“My research revealed that unintentional dehydration produces stress, chronic pains and many degenerative diseases. Dry mouth is not the only sign of dehydration and waiting to get thirsty is wrong. Medicine has based its understanding that it is solid matter in the body that regulates all functions of the body. I have explained scientifically at the molecular level that it is water that regulates all functions of the body including functions of solid matter. 75 % of our bodies are composed of water. The brain is 85% water. Your Body's Many Cries fror WaterIt is water that energizes and activates the solid matter. If you don’t take enough water, some functions of the body will suffer. Dehydration produces system disturbances. When I use the word water cure, I am referring to curing dehydration with water.”

The work of Messieurs Emoto and Batmanghelidj is just a fraction of what Sun and I covered in the hour we had together for this interview. Listen to this fascinating talk that ranges over the work of such esteemed researchers as Patrick Flanigan and, of course, Victor Schaugerger, whose ground breaking and suppressed work is presented in Living Water, a book that really got me thinking in the early 1990s.Victor Schauberger

Finally, If you want to see something really interesting visit the following website:

www.shamanicvisions/ingerman. Sandra Ingerman and 60 others did an experiment. They sent out love and prayers to water that had a poison added to it. Afterwards it tested clear and all 60 people drank it. There must be ramifications here for dramatically improving polluted water sites around the world.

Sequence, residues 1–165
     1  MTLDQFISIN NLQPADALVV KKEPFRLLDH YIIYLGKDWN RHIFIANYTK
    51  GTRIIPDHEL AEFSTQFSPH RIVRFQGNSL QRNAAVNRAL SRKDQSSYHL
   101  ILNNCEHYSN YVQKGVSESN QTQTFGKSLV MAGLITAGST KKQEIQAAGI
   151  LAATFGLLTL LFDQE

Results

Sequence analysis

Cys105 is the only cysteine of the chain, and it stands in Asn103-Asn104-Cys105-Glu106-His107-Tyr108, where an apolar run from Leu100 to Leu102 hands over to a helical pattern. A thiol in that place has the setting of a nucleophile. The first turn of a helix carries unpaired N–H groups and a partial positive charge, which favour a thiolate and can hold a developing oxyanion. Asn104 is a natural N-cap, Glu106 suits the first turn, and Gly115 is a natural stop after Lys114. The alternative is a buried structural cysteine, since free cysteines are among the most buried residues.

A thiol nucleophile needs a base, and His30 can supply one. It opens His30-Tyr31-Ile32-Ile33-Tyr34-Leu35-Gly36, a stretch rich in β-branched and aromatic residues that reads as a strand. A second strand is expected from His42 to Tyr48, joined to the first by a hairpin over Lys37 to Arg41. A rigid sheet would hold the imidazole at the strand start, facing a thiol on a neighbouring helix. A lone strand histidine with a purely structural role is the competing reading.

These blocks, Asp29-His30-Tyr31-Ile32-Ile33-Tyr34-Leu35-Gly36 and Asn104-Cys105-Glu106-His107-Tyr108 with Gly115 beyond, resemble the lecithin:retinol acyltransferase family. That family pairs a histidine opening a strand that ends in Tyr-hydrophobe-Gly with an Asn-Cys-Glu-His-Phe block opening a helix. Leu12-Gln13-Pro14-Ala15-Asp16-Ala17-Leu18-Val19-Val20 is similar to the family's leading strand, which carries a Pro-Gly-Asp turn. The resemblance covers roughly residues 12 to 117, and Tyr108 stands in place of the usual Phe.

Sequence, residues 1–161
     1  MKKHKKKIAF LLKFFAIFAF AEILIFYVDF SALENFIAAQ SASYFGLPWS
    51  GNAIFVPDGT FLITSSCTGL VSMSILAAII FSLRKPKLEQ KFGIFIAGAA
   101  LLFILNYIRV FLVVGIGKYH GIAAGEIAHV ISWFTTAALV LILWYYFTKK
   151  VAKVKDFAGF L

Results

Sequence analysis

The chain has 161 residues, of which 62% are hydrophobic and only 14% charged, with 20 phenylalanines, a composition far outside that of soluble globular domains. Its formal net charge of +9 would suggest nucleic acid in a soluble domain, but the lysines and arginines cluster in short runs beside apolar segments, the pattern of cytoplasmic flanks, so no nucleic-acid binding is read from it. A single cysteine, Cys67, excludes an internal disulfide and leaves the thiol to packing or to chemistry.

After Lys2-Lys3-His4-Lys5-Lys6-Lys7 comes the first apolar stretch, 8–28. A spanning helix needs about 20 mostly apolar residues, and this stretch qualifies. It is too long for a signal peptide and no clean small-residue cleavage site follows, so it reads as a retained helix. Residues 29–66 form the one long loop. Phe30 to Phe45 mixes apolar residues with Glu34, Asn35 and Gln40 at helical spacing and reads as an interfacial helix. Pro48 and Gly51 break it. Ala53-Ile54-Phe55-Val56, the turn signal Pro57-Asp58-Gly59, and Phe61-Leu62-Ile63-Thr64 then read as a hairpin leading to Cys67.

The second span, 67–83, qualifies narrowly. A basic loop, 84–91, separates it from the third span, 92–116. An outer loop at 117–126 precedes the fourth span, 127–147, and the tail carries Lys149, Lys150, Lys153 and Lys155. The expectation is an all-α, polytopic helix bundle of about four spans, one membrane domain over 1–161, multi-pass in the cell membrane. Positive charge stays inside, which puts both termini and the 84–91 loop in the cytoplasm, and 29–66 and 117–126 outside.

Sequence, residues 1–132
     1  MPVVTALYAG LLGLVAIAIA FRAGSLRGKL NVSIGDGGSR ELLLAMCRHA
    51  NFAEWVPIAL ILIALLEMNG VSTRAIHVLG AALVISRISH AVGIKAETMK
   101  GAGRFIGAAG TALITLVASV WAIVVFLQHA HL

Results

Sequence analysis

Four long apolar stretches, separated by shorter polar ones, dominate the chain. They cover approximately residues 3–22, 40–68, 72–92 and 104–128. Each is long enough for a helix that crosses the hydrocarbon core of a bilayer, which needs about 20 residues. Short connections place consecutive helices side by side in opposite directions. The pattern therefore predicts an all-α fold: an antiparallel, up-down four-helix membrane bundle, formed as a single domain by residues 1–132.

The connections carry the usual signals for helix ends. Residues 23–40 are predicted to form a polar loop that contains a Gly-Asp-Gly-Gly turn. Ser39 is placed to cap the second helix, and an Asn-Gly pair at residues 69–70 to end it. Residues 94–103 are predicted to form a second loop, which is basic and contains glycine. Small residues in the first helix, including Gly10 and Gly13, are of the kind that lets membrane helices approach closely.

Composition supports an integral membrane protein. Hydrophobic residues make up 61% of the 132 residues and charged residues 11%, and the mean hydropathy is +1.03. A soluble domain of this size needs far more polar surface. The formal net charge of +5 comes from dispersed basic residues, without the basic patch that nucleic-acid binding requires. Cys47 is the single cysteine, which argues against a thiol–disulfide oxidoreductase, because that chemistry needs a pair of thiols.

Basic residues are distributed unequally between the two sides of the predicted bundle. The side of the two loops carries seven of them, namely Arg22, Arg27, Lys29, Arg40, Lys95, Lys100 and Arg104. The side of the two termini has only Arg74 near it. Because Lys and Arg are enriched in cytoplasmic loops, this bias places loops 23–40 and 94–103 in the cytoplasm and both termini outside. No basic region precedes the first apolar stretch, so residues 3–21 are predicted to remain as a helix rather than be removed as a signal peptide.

Here’s a link to the Smile interview I did with Elan Sun Star.


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Radio host, inspirational speaker and health educator John Haines is the author of In Search of Simplicity: A True Story that Changes Lives, a startlingly poignant and inspiring real-life endorsement of the power of thought, belief and synchronicity in one’s life.

In Search of Simplicity is a unique and awe-inspiring way to re-visit and even answer some of the gnawing questions we all intrinsically have about the meaning of life and our true, individual purpose on the planet. I love this book.”

Barbara Cronin, Circles of Light. For the complete review visit:

In Search of Simplicity is one of those rare literary jewels with the ability to completely and simultaneously ingratiate itself into the mind, heart and soul of the reader.”